Authors: Peiri Ann
© 2013 by
All rights reserved. No part of this publication may be reproduced, stored in a retrieval system or transmitted in any form by any means, electronic, mechanical, photocopy, recording or otherwise, without prior permission from the publisher, except as provided by the USA copyright law.
This book is a work of fiction. The names, characters, places an
d incidents are products of the writer’s imagination or have been used fictitiously and are not to be construed as real. Any resemblance to persons, living or dead, actual events, locales or organizations is entirely coincidental
Cover Art by
2013 Peiri Ann
Copyediting by Christine Rice
Summary: In a life of hate, deceit, and dishonesty; Nathan finds there is an upside to life when he meets Tracey. A confident, beautiful, outgoing girl who immediately falls in love with him and has no regard for the danger that lies within his life. He decides that loving her may be worth risking his life to death… and hers.
To the ones who stand behind everything life brings to you
Never turn their backs and always keeps you close.
Love life’s loves and LIFE LOVES YOU!
Table of Contents
The love I have can last a lifetime alone, in the darkness waiting for the mate of love to return to the side of a lonely heart. But I cannot wait long past tomorrow to hold you, hear you, and see you in my arms. Without my arms wrapped around you, our bodies wound within one another. There is no darkness emptier then I at that exact moment. There is no depth lower than the empty feeling I have from longing for you. For this love is greater than any I have had the pleasure of feeling. For this love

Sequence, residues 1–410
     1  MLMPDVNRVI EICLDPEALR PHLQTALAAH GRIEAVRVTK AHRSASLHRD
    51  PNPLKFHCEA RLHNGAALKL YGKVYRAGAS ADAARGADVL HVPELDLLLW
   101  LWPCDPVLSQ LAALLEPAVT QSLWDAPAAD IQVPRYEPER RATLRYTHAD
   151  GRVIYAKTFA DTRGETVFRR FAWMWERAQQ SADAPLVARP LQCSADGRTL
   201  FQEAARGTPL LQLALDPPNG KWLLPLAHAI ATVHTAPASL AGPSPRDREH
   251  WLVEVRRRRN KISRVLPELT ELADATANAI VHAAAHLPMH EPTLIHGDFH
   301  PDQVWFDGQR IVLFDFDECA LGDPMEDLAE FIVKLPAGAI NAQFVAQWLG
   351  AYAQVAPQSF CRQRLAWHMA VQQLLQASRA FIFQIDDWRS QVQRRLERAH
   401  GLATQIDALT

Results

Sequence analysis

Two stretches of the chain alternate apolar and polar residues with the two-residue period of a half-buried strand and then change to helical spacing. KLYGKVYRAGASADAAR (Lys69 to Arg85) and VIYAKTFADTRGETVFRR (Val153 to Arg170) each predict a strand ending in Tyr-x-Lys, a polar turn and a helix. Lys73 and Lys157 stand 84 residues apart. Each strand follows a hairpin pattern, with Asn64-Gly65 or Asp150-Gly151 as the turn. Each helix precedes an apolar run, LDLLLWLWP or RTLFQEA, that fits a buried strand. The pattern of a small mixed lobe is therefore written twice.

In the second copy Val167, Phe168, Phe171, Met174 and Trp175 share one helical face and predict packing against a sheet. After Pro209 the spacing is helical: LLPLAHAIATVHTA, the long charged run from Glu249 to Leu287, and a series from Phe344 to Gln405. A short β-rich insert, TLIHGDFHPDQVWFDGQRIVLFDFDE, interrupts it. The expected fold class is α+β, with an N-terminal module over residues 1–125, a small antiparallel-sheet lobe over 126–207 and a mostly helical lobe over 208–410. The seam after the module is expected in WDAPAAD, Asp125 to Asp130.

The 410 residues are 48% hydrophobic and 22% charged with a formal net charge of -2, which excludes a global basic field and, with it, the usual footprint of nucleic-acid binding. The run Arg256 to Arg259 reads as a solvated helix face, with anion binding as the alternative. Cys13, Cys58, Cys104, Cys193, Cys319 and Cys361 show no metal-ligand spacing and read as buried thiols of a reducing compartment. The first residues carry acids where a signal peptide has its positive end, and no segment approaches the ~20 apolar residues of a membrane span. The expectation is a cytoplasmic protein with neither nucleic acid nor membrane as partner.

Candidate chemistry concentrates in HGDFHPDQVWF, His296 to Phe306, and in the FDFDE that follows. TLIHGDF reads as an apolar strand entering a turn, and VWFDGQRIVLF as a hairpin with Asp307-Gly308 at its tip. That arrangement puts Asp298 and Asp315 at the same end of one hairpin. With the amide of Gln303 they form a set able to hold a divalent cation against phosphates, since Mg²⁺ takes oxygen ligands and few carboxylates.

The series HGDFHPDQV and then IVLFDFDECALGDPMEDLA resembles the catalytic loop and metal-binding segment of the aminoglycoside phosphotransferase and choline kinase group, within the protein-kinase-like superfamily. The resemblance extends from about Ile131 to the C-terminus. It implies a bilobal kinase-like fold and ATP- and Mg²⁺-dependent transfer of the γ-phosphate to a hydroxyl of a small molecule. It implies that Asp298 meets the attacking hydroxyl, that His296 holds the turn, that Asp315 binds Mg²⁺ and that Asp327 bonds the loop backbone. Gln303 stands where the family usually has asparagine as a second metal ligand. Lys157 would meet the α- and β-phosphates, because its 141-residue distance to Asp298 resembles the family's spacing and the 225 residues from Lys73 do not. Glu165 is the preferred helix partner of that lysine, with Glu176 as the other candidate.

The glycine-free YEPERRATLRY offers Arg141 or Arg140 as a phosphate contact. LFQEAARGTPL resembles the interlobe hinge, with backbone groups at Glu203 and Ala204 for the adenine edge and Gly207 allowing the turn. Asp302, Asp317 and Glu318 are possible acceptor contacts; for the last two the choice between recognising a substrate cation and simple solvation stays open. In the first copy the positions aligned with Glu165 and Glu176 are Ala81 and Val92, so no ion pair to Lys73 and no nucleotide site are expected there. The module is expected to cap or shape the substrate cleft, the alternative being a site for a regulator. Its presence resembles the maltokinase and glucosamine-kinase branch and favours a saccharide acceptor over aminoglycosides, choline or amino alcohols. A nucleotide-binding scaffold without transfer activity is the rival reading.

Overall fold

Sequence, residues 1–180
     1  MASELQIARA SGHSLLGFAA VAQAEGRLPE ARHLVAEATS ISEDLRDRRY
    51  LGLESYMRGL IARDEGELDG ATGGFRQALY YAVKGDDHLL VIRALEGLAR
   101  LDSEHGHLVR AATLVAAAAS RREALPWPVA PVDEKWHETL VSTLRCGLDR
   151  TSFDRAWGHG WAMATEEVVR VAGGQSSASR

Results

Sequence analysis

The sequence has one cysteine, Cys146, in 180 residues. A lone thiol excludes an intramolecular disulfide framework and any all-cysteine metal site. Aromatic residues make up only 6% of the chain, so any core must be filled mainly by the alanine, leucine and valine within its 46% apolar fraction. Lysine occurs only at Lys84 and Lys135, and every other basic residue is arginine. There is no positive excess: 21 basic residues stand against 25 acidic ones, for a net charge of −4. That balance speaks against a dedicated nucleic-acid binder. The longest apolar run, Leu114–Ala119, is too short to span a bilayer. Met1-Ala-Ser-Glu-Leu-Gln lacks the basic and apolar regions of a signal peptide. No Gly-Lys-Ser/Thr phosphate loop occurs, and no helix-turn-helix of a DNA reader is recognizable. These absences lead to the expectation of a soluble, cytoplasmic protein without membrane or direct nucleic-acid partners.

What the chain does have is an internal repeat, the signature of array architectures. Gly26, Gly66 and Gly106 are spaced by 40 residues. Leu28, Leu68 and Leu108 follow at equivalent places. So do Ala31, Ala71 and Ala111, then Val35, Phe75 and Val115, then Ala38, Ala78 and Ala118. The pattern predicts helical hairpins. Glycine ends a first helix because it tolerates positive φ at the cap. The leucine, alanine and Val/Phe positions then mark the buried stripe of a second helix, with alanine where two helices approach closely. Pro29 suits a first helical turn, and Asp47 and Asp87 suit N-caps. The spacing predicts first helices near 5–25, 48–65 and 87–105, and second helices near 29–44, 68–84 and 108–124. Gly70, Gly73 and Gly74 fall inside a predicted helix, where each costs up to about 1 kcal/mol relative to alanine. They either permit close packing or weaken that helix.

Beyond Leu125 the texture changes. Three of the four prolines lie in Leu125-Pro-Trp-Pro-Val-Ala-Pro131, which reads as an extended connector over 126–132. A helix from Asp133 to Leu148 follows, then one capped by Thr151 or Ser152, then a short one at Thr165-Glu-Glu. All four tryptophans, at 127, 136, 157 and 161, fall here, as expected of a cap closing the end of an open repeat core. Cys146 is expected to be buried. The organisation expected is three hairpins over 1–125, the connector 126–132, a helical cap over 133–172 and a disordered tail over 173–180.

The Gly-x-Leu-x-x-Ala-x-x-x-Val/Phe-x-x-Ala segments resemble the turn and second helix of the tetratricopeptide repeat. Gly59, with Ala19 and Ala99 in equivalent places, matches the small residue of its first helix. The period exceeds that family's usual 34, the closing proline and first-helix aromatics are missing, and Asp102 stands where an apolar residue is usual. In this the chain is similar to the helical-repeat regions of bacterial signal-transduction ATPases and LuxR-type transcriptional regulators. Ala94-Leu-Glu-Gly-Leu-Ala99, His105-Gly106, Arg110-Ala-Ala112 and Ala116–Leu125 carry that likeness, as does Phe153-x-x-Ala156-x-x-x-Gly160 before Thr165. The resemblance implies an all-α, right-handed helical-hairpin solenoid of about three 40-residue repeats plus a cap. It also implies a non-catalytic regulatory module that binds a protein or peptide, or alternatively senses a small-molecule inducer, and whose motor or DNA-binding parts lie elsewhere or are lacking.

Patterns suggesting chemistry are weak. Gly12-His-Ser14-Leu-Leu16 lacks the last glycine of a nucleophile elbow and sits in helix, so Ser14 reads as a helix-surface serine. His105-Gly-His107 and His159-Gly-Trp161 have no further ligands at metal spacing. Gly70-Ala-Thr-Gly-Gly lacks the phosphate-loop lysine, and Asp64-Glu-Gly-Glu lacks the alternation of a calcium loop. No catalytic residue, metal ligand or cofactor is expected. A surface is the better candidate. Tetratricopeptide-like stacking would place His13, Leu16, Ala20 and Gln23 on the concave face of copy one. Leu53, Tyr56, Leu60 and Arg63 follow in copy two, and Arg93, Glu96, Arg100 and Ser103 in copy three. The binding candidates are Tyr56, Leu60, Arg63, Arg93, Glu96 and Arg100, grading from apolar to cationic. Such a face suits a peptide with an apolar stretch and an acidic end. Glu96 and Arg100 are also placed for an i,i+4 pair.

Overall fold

The last week before a break, Mrs. Kimble’s class always lasts forever! I cannot wait for this week to be over. It’s almost spring break—the next best thing to look forward to, apart from summer. It’s the start of the warming days, when we can lose the coats and start letting some skin show. That earthy scent comes back, due to the freshly bloomed flowers and trees, and the newly grown grass.
Oh yeah, and the preeminent point—lack of class. My impatience for graduation, in a few months, also grinds at the back of my head.
Still three days to go, until I can enjoy our week of no school and not waking up early. Mrs. Kimble moves on to literary words that are meant to capture your feelings when you speak.
, only three more days—if I can ever get out of this long-ass class!
“So,” Glen pulls me from my thoughts, tapping my back, “what do you have planned for our lovely break that’s coming up?”
I turn a quarter of the way to her, not wanting to draw attention to us. “Nothing much. I haven’t put too much thought into it. What about you?”
“Well, you know, Andrew Stevens is planning the next break
party, I think it is Friday at 9, or maybe 10.” She looks up to the ceiling, then nods. “I heard it from Robert, in the hall.”
Break party, it’s what we call any party thrown the last day of school and the opening of a break. It seems lame, thinking of it now. I guess it serves its purpose though.